It was interesting. I worked with my editor Art Jones, who cut Hard Candy, and he cut every film I’ve done. I worked with him in commercials, videos, too. We’ve done a few things over the few years. We’re very, very proud of Hard Candy because it’s exactly the film we wanted it to be, as close as possible without all of the self-loathing and crap that comes with being relatively creative. Take away all of the, “If only we’d had another day,” it’s pretty fucking close to what we wanted to do. It’s pretty much the director’s cut is the director’s cut. There isn’t a producer’s cut. It’s the script that Brian Nelson wrote. And the filmmaking was really another character in that film, and it was very important to that film as, I guess, a Hitchcock type thriller.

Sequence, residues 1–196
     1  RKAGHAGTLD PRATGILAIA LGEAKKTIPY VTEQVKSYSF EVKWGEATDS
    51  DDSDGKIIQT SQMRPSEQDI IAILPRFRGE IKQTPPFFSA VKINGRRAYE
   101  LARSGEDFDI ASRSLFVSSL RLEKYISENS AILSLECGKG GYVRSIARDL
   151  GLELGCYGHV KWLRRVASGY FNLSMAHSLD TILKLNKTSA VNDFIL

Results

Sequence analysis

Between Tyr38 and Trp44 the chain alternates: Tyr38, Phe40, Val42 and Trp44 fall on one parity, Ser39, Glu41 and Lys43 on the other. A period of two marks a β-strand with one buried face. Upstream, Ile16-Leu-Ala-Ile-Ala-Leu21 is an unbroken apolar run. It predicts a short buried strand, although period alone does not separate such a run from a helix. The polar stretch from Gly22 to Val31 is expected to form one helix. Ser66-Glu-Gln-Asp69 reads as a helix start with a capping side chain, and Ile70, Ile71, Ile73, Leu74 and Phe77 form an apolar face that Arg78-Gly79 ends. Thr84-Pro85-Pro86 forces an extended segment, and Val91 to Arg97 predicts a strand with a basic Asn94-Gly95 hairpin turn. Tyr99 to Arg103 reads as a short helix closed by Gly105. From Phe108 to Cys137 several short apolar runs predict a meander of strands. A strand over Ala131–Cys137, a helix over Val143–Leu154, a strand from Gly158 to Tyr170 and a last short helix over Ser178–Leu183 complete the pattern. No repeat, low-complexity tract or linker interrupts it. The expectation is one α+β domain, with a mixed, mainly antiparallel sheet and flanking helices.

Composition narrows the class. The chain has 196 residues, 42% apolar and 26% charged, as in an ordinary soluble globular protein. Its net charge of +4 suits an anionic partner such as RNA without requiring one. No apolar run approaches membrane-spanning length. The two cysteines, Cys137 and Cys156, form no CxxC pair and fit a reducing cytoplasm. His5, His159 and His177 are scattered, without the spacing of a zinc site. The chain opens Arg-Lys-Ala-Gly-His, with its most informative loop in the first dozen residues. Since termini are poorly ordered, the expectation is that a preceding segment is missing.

All you really need to know about Jack is his favorite movies are: The Last Detail, Rumble Fish, Sunset Boulevard, The Truman Show, Raiders of the Lost Ark, Dead Men Don't Wear Plaid, The Verdict, Closer, Shadow of a Doubt, Spider-Man 2, Jaws, Adaptation, Get Carter, The Last Days of Disco, Carnal Knowledge, Almost Famous, Ed Wood, Barton Fink, and L.A. Confidential.

Read More from Jack Giroux
Get Film School Rejects in your email. All the cool kids are doing it:
Previous Article
Next Article
Reject Nation
Leave a comment
Comment Policy: No hate speech allowed. If you must argue, please debate intelligently. Comments containing selected keywords or outbound links will be put into moderation to help prevent spam. Film School Rejects reserves the right to delete comments and ban anyone who doesn't follow the rules. We also reserve the right to modify any curse words in your comments and make you look like an idiot. Thank You!